Into the wIld Bow

When challenged to create a physical representation of the phrase "into the wild", I designed a bow that is symbolic of the intersection of my past design experience as the prop maker for Kimer Props with the new journey I was beginning for my Engineering Design Innovation masters program at Northwestern University.

Into the Wild Bow

When Stories Collide

I started graduate school at Northwestern University with a very different background from my peers. As a biological science major, most of my design experience came from the Segal Design Certificate program at Northwestern and self-teaching through Kimer Props instead of from my major. Entering graduate school, I immediately sought new fabrication techniques to apply to my first project. This bow represents the intersection of my past design experiences in the smoothly finished walnut with the new and raw technical skills I am to learn in my graduate program represented by the aluminum.


The Past: Experimental Design

Working as the founder and prop maker for Kimer Props has allowed me to hone hand skills for material manipulation. As a self-taught Maker, I am very familiar with a very wide range of fabrication techniques. The handle of this bow was hand shaped out of walnut and finished with an oil based urethane sealant to provide an ergonomic design and pleasing aesthetic.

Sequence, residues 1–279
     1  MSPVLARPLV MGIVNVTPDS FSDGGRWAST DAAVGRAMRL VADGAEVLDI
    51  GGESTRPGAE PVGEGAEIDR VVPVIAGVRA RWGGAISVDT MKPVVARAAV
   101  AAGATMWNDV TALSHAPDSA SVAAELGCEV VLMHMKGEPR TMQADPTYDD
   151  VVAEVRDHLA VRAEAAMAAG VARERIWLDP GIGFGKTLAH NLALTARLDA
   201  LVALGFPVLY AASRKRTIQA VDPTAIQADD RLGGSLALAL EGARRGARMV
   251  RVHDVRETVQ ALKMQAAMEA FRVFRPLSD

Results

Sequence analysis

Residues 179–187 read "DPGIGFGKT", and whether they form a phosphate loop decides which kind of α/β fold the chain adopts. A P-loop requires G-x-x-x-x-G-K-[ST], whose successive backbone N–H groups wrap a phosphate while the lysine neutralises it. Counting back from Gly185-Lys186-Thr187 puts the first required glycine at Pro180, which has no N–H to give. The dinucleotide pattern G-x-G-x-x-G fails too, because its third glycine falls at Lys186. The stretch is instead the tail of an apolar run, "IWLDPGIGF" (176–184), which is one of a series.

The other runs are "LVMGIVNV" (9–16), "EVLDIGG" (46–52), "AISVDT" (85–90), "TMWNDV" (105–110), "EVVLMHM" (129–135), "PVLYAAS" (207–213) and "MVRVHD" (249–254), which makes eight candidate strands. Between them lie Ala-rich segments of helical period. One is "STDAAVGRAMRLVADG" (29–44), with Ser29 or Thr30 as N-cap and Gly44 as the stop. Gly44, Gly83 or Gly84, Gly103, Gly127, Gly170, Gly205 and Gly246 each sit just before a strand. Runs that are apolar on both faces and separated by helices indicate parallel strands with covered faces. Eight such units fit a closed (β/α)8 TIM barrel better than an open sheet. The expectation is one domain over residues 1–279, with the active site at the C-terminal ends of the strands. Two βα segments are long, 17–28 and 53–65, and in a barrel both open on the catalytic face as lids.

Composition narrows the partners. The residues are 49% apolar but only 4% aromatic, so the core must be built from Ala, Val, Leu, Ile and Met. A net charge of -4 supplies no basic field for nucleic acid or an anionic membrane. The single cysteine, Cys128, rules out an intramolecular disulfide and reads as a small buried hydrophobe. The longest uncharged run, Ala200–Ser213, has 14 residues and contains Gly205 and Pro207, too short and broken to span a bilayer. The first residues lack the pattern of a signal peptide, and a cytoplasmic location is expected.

The Present: Applying New Technology and Skills

Entering graduate school for Engineering Design Innovation is opening new doors for product design and fabrication. Becoming highly familiar with new equipment such as a water jet will promote endless possibilities for ideation and prototyping. Using the water jet to cut the aluminum arms of the bow allowed for precision control of the bow's dimensions.


Support From My Past

Holding up the bow in the air is a custom display stand made from walnut. Laser cut into the base of the stand is the Kimer Props logo, which represents the origin of my passion for design. This display stand precisely balances the bow on an extended arm, allowing for full view of the bow from any angle. This stand was sealed in an oil based urethan sealant. 


Aiming For Innovation

This project was a challenge to fabricate in less than 2 weeks, but provided me with timeless lessons about fabrication. Working with metal and load-bearing joints was an exciting journey. The springs in the bow that gives the bow its flex can be replaced for higher or lower weight extension springs, allowing for precision tuning while aiming for innovation.